They celebrate their anniversary. They indulge each other’s outrageous ideas — like sneaking into a Lil Wayne concert by way of an air-conditioning vent — and are always there when their partner in crime needs a physical or psychic lift. When one has a big question to pop to the other, she gets down on one knee.

This isn’t your favorite TV couple.

It’s Abbi and Ilana from “Broad City,” two best friends played by Abbi Jacobson and Ilana Glazer who are generally obsessed with each other. (And yeah, one is a little more obsessed than the other.) They’ve been mistaken for romantic partners. But the genius of “Broad City” is that it elevates friendship above romance. Ilana has an on-and-off boyfriend, but her relationship with Abbi has always been the deeper connection.

That ends in the series’ final episode, which aired Thursday night. In an earlier episode, Abbi stresses about how to tell Ilana that she is moving to Boulder, Colo., for an artist’s residency. When she finally does spit it out, Glazer’s character responds, in true Ilana fashion, by smashing a bunch of candy jars and proclaiming that they need to get Abbi into therapy immediately because “this is an emergency.”

It isn’t an emergency. But a best friend moving away or moving on — to marriage, motherhood or just a best friendship with someone else — can certainly be traumatic. As “Broad City” ends, Ilana is 27 and Abbi is 30. Attached-at-the-hip friendship that springs from shared experiences or similar circumstances in your 20s changes when one or both people’s lives change. And that often happens right around where Ilana and Abbi are now.

Watching Ilana react to Abbi’s news, I remembered something another TV comedian said about the pain that follows when a friendship ends or fades. In her 2015 essay collection “Why Not Me?,” Mindy Kaling describes the sting of losing a close friend. “It hurt way more than most breakups I’d had,” Kaling writes, adding that “there are not many relationships more powerful than that of two women who fall fast and deep into a friendship. It was heartbreaking to be loved and left.”

Big goodbyes might be easier to accept as you age, but the pain is still there. When Cristina Yang (Sandra Oh) left Seattle in the 10th season of “Grey’s Anatomy,” she technically left for a job opportunity in Switzerland — but it was also a kind of breakup for her and Meredith Grey (Ellen Pompeo). They still talk, of course. But they’re not in the thick of each other’s everyday lives, muddling through and dancing it out. Which is, of course, how they say goodbye — with that hip-swinging best-friend ritual and with Cristina telling Meredith, “You’re my person.”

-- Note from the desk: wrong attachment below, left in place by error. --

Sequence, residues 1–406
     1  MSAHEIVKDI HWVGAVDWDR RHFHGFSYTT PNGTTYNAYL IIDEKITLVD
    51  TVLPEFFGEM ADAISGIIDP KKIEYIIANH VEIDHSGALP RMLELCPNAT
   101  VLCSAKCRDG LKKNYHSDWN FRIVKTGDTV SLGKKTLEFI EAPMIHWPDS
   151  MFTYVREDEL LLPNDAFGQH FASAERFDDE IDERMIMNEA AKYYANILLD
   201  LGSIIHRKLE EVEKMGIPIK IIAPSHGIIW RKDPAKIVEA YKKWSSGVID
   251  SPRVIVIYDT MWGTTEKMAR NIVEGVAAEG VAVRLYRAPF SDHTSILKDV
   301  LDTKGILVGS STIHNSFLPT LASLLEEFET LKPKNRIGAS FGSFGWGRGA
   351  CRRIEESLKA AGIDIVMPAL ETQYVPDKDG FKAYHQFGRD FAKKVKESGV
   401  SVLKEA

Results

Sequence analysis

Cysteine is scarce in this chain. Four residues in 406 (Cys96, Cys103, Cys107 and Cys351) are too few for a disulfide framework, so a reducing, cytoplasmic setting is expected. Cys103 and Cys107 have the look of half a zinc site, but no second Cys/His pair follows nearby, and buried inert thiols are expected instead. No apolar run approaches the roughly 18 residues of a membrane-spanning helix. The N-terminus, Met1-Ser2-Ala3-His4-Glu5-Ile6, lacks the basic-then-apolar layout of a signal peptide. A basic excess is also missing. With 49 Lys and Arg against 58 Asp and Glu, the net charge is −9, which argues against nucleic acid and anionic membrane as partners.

Sometimes a goodbye is more subtle than a physical move. It can simply be one person entering a new stage of life without the other. At the end of Season 5 of Netflix’s “Grace and Frankie,” for example, Grace (Jane Fonda) tells Frankie (Lily Tomlin) that she married her boyfriend Nick (Peter Gallagher). The season ends without resolving whether the two oddball best friends will continue to live together. Nick seems like the kind of guy who would be game to live with Frankie, too. And it’s clear that Grace and Frankie are each other’s partners in a way that’s different from and deeper than what Grace has with Nick. But in Grace remarrying, the shared circumstances that brought the women together — their husbands leaving them for each other — have shifted. Frankie is so floored that she drops to the ground and stares into the sea.

That moment brought me to tears, and I had to text another friend who watches and loves that show. A friend I’ve made through our shared experience of being single and child-free in our 30s. I was realizing that being close to someone and then seeing that ebb and flow isn’t unique to early adulthood. It happens back and forth throughout a lifetime. It’ll happen to us, too.

So yeah, Abbi moving away isn’t an emergency. It’s a natural ending. And though Ilana’s reaction is characteristically over the top, her sadness is real.

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